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Thursday, March 24, 2011

Google, the Author's Guild, Lawsuits, Publishing Intrigue and Digitizing Copyrighted Books!


Intrigue is popping up all over the place RE the several-year-old lawsuit against Google for trying to digitize millions of (mostly orphaned...[that is out of print]) books.

I previously posted on this publishing intrigue on 2/6/2010: Feds Troubled by Google's Digital Book Deal ...Please feel free to read that post for a little more background.

Back in 2004, authors and publishers first filed suit against Google for copyright infringement...A fairly straightforward lawsuit for scanning millions of books without permission, and then making snippets available online.

Then Google and the Author's Guild (representing these authors & publishers) reached an ASA (Amended Settlement Agreement) that placated all parties.

This, however, angered Google's competitors (like Amazon and Microsoft) who didn't cotton to the prospect of Google effectively becoming the sole publisher of orphan works, and both filed briefs to that effect.

THEN, just two days ago, New York District Judge Denny Chin ruled against the Amended Settlement Agreement (ASA) declaring it would give Google too much power over all authors in the future to digitize complete orphaned books without first obtaining permission from content owners.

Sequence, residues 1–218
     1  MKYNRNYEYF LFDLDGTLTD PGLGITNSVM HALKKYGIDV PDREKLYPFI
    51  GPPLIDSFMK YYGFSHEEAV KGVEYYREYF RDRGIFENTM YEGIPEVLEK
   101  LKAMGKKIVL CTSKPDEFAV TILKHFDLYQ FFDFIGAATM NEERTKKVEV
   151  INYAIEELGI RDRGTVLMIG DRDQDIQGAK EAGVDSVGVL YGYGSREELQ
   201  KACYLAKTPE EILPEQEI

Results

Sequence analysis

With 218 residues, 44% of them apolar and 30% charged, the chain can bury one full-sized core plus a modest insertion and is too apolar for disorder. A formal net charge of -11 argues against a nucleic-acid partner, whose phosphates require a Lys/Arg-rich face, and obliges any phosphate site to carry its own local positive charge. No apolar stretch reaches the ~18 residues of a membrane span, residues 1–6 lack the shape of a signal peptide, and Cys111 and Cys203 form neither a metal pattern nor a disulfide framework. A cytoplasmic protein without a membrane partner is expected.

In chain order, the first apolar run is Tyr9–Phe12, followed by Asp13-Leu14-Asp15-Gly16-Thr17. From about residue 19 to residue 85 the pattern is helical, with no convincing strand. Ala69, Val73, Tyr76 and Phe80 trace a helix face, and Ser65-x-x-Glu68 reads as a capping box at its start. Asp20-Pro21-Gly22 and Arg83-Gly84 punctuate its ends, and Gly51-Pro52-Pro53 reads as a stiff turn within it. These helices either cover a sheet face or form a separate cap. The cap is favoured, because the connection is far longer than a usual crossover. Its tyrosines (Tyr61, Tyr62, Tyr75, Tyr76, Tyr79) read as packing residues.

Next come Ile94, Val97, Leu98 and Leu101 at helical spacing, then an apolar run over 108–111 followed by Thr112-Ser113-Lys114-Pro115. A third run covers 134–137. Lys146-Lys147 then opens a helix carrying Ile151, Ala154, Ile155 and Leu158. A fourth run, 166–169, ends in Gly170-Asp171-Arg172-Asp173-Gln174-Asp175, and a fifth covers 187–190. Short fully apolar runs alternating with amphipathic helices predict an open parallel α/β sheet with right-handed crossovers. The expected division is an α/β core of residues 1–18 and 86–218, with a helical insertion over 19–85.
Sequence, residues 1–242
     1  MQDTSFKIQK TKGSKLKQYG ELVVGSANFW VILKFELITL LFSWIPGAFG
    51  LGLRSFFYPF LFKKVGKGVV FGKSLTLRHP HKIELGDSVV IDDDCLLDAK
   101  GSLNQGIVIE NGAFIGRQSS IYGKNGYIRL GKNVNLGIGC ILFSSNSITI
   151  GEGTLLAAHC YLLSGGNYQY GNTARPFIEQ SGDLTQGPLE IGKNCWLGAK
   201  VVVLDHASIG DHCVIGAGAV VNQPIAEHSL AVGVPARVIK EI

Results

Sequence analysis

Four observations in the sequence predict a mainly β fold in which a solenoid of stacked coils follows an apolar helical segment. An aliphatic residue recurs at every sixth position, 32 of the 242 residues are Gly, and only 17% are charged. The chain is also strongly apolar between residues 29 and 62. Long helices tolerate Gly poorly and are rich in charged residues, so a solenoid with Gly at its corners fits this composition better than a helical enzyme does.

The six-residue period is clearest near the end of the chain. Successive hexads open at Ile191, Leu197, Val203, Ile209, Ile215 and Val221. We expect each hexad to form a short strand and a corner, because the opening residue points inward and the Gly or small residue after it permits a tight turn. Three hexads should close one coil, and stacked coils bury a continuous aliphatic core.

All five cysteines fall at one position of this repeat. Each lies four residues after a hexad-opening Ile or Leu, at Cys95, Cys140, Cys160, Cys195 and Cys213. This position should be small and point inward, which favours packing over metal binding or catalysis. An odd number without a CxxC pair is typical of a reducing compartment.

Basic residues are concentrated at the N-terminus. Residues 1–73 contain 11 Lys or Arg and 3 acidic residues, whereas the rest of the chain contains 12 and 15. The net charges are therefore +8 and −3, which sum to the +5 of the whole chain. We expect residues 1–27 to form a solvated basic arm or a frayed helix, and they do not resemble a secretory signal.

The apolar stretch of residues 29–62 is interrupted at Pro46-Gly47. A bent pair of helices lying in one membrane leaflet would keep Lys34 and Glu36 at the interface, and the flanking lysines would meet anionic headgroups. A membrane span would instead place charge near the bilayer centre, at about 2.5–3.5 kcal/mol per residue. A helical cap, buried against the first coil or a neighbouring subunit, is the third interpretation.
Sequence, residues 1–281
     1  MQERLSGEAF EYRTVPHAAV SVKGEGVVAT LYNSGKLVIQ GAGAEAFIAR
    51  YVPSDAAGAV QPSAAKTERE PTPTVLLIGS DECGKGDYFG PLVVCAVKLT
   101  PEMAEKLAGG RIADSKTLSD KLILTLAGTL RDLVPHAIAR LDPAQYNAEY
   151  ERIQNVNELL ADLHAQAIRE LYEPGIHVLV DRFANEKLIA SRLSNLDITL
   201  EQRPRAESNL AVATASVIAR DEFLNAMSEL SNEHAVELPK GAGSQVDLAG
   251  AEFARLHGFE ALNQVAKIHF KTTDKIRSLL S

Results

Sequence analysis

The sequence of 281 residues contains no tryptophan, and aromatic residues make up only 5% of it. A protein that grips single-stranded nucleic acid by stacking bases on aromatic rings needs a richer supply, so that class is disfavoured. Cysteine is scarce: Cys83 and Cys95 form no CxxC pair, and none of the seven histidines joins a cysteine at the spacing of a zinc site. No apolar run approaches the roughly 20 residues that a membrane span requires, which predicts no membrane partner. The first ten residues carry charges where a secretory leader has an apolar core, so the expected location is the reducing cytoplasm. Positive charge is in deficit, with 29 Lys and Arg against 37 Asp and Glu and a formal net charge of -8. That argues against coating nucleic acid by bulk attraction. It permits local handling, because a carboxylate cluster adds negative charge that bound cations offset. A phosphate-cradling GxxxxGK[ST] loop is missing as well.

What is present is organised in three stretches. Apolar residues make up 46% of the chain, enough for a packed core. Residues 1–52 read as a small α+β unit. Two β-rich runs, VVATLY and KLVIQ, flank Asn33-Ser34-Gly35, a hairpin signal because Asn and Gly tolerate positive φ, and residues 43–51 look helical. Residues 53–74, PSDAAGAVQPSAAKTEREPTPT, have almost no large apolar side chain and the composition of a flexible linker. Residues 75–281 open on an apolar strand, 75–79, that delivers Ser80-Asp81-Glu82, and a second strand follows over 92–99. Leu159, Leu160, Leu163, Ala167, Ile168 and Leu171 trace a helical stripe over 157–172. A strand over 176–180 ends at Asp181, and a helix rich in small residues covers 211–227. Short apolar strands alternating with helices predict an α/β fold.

What is really a little strange about this case is the fact that the Author's Guild wanted to accept the ASA on behalf of the authors and publishers (original content owners) because it would pay the content owners around 65% of proceeds and make many hard-to-get books readily available to the public (a noble purpose) AND get the authors' names online and in front of millions.

However, the acceptance of the ASA has a problem: the settlement reads like a forward-looking business contract between Google and ALL authors...This would give Google too much leeway for copying/digitizing copyrighted whole books as already mentioned above and is explained in more detail by Sam Gustin of Wired.Com :

Google Books Deal Not Dead, Only Resting, Authors’ Lawyer Says

The current settlement is too broad, and over-reaches, according to Judge Chin, because it draws all authors, including unknown authors, into a class action settlement that exceeds the scope of the original 2004 lawsuit. That was a fairly straightforward copyright-infringement lawsuit by the authors and publishers against Google for scanning millions of books without permission, and then making snippets available online.

In response to the original lawsuit, Google made a fair-use argument, roughly analogous to the one by which it has the discretion to index the entire web and sell ads against search results. It’s important to remember that although Google has scanned millions of books into its database, it only displays a snippet of each copyright book for which it has no license. The purpose of the settlement was to allow Google to open up its database, creating a massive online library of 10 million books, accessible to all.

The problem is that the settlement reads like a forward-looking business contract between Google and all authors.

As New York University law professor James Grimmelmann observed, “This move is what sinks the settlement.”

“Chin has set up a dichotomy,” Grimmelmann wrote in a legal analysis of the opinion. “Google’s past conduct in scanning and searching was the subject of the lawsuit, but it is Google’s future conduct in selling whole books that would [be] authorized by the settlement.”

Read and learn more


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